After Optus disclosed its massive data breach on Thursday, customers began receiving emails notifying them that their personal information was being accessed.
The telco said that while no financial information or passwords were accessed, the leaked information was customers’ names, dates of birth, email addresses, phone numbers, addresses associated with their accounts and details of identification documents such as driver’s license numbers or passport number. Client compromises.
Optus did not reveal how many of its users in Australia were at risk of a breach, but Home Secretary Claire O’Neill told parliament on Monday that 9.8 million people were affected, 2.8 million of whom held “substantial amounts of data”. has been lost. .
If you are one of those affected, you may be wondering what your next steps should be. Guardian Australia has sought advice from experts.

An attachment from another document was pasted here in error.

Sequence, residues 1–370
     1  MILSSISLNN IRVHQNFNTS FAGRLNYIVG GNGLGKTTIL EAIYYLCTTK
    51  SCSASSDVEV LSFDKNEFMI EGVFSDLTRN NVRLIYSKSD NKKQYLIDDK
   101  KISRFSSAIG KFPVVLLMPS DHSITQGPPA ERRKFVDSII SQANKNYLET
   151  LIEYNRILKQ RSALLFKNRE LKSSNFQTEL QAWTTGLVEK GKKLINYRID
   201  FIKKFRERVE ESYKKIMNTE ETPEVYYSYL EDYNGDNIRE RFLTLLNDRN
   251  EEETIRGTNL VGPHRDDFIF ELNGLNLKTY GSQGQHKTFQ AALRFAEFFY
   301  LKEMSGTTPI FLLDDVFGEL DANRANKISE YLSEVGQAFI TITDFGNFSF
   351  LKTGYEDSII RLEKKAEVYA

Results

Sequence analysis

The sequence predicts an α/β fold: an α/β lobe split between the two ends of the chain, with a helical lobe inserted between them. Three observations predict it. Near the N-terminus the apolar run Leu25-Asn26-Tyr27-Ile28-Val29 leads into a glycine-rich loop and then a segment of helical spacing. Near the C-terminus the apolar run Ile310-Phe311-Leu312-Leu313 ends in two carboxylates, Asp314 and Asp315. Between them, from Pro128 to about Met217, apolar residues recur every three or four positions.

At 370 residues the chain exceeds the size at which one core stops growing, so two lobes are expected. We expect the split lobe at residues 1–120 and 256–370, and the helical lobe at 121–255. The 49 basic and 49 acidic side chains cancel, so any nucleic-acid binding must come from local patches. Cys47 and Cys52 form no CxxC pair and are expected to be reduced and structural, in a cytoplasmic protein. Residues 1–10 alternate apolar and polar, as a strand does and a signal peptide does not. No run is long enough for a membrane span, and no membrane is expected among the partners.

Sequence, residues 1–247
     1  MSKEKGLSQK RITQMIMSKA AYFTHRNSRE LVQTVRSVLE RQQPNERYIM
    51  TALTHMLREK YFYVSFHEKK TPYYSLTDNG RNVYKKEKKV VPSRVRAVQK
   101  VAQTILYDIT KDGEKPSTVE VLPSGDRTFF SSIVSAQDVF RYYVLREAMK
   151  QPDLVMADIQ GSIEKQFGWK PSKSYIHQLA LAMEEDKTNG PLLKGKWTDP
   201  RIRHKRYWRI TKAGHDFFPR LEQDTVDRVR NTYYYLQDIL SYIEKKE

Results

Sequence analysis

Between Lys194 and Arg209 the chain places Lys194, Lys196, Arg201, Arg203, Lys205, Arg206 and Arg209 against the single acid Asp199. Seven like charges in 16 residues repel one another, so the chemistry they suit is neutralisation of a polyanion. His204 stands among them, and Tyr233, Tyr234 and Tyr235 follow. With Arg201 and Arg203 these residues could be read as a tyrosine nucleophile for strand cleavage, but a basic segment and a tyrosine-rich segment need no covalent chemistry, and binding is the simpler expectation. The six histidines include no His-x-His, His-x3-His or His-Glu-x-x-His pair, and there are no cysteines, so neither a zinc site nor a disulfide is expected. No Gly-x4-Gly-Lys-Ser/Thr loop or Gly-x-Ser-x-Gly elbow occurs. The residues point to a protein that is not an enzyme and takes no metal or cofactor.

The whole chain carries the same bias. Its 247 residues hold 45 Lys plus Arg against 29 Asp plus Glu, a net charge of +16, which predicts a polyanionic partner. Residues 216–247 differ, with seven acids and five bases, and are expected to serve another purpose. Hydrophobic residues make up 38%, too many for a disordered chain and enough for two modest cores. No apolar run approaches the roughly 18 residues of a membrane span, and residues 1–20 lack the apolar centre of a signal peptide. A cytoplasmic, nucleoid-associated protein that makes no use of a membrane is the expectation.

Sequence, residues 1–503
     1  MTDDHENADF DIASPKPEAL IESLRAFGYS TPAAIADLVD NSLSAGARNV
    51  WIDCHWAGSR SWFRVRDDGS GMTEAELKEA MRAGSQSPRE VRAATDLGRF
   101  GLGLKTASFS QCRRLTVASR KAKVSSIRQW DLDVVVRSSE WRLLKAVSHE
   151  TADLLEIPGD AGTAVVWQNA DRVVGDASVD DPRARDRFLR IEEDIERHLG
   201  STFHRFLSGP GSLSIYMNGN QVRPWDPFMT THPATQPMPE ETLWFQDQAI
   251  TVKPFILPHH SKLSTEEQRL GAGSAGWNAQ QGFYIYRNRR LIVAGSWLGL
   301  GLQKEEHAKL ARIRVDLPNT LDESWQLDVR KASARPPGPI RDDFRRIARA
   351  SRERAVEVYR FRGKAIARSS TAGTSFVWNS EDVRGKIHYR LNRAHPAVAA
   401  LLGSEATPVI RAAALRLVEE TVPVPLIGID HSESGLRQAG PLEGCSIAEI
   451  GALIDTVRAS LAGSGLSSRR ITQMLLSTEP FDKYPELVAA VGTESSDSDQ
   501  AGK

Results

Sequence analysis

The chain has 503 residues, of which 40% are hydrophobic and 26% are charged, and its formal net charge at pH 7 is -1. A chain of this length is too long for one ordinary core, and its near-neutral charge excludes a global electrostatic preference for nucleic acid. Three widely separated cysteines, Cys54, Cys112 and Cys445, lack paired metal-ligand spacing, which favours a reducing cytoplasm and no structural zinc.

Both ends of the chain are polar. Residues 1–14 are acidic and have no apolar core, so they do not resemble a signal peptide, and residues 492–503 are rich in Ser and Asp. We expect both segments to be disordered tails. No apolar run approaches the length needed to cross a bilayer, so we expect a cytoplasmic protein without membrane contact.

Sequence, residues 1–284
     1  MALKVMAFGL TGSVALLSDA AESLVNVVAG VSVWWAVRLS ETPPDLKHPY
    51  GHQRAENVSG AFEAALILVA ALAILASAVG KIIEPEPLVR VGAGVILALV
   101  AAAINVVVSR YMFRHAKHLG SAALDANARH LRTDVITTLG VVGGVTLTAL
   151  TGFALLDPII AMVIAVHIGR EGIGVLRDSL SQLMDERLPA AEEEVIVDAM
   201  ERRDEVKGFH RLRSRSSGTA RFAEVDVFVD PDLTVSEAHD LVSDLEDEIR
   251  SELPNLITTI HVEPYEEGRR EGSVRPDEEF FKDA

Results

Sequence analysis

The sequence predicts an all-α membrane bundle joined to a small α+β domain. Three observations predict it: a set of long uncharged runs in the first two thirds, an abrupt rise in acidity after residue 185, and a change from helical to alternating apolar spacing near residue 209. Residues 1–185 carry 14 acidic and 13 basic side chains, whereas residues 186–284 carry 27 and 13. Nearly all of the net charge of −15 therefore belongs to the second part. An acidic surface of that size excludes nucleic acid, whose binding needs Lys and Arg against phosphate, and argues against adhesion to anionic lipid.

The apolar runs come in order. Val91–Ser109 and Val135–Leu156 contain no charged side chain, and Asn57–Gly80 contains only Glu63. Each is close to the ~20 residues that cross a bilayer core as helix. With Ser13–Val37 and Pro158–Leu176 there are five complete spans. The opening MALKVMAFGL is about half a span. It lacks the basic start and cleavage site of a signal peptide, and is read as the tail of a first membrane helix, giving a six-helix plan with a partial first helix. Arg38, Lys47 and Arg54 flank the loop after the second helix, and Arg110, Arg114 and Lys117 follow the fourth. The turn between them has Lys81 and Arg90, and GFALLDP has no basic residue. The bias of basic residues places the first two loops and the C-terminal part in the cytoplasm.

“There’s no need to panic and change everything right away,” said Nick Klein, executive director of digital forensics and incident response at CyberCX.
Klein recommends that Optus customers use strong passwords and multi-factor authentication for all online accounts, especially important accounts such as banking and email.
Toby Murray, an associate professor of cybersecurity at the University of Melbourne, was one of those whose data was breached.
As a first step in preventing fraud, Murray recommends calling your bank and asking them to set up additional verification methods for your account (such as additional security questions), especially phone authentication.
Murray said Optus customers might consider charging other valuable accounts, such as superannuation providers or Centrelink.
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